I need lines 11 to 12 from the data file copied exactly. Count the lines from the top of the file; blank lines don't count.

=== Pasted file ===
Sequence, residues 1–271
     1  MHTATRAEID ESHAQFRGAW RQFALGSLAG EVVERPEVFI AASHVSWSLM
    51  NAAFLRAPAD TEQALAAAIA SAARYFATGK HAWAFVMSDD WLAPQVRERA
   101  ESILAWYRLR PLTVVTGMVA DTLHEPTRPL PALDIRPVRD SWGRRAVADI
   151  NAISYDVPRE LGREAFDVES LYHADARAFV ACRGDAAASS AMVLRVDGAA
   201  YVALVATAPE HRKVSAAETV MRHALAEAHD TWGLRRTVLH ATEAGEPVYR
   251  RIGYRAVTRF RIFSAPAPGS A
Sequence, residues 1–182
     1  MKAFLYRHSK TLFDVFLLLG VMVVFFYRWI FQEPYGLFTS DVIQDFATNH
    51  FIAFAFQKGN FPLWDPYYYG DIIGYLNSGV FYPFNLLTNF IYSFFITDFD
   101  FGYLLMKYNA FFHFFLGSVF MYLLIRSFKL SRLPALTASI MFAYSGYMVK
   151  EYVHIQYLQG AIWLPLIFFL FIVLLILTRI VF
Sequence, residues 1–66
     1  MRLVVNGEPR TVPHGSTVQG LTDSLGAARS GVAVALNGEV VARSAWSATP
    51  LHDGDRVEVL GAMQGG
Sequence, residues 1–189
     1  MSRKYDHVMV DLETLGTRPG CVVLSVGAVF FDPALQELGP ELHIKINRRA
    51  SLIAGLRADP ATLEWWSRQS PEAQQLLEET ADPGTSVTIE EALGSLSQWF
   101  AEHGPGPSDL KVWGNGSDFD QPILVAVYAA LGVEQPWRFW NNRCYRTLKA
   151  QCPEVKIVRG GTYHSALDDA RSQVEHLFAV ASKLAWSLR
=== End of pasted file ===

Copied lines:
   101  FGYLLMKYNA FFHFFLGSVF MYLLIRSFKL SRLPALTASI MFAYSGYMVK
   151  EYVHIQYLQG AIWLPLIFFL FIVLLILTRI VF